The group Western Pennsylvanian's for Passenger Rail estimates that 23 thousand people get on or off the train in Johnstown every year. That's more than the population of that city. They also say the city is in danger of losing that service.
Valerie Sutton's mother was waiting for her when she got off the train in Johnstown Monday night. She's home for Christmas. She came in on the train from Boston. For her traveling by train means comfort she can do work, send emails, or just watch a movie.
For Robert Cernansky it's a necessity. He's partially blind so he can't drive and flying is uncomfortable because he walks with a cane. He says without the train service he would have no way to get out of the city.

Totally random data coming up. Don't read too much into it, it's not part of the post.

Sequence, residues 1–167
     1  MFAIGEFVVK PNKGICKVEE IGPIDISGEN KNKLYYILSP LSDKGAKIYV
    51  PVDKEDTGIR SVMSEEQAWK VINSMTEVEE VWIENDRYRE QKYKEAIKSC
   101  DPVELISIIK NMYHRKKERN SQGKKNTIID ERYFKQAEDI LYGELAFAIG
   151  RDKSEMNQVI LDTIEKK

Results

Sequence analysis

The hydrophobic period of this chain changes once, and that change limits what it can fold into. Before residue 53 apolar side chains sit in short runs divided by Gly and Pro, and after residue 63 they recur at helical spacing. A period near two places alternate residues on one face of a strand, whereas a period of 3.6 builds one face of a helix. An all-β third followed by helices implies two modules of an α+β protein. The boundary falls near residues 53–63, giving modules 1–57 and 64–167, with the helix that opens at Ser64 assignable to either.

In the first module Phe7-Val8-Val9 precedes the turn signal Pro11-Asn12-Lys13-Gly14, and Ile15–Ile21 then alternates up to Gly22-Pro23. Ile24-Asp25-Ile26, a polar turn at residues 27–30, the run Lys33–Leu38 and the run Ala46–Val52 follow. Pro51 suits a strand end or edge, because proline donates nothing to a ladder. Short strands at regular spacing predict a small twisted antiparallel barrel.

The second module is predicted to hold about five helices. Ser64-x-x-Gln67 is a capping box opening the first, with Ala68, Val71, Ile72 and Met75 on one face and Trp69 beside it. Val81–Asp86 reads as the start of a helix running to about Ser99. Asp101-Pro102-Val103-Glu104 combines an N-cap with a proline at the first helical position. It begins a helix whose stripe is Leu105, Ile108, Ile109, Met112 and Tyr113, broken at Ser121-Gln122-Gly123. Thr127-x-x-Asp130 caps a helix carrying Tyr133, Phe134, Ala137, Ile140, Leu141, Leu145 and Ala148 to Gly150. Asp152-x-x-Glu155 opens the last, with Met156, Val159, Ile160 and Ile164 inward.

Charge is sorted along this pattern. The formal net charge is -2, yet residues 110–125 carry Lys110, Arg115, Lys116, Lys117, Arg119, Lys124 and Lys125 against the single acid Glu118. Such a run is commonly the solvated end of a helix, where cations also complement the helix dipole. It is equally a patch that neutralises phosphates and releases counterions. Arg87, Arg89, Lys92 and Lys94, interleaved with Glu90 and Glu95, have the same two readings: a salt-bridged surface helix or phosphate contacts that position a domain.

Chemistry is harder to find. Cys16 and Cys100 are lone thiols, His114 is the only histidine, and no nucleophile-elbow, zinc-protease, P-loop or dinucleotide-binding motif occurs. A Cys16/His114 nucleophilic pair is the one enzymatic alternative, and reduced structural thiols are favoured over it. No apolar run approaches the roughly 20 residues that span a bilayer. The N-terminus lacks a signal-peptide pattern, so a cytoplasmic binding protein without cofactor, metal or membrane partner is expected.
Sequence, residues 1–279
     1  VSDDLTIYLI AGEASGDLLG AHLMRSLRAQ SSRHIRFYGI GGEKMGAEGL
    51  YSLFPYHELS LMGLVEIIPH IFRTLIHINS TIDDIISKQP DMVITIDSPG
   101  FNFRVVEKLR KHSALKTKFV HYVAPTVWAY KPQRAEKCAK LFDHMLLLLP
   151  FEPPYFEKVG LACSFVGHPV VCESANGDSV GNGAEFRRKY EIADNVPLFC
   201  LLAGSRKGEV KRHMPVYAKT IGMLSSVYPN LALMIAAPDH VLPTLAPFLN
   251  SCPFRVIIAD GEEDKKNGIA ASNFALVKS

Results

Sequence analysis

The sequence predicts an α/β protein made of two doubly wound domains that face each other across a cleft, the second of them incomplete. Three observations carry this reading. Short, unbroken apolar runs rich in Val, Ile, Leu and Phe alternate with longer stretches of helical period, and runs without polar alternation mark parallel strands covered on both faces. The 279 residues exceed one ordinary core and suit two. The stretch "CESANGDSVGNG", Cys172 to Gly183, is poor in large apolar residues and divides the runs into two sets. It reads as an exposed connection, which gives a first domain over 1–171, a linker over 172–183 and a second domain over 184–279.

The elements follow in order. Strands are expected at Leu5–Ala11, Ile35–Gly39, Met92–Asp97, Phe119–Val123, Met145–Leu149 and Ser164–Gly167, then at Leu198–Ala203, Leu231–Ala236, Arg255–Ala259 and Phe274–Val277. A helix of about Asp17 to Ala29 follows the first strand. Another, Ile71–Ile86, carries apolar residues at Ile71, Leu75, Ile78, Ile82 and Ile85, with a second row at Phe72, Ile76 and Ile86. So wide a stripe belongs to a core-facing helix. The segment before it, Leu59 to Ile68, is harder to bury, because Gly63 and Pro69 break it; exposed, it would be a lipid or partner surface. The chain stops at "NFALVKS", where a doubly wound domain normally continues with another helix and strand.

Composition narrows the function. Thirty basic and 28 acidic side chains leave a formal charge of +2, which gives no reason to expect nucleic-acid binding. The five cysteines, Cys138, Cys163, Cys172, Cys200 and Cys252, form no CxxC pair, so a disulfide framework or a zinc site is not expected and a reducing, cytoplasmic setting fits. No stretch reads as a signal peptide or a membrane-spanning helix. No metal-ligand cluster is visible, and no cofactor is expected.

The President for Western Pennsylvanian's for Passenger Rail told the crowd to keep up service in Pennsylvania the state has to start paying seven million dollars to Amtrak next year. Its part of a law passed in 2008. But that money hasn't been allocated to the program yet. Michael Alexander wants people to push their lawmakers to allocate the money to keep this public transportation going.
And he didn't need to convince Robert and Valerie. Robert says it is the best way to travel around the country and Valerie says she wouldn't travel any other way.
This rally was held Monday night in Johnstown. But if the train run goes away, it could affect folks at the Altoona station and anyone who gets on or off a train between Pittsburgh and New York.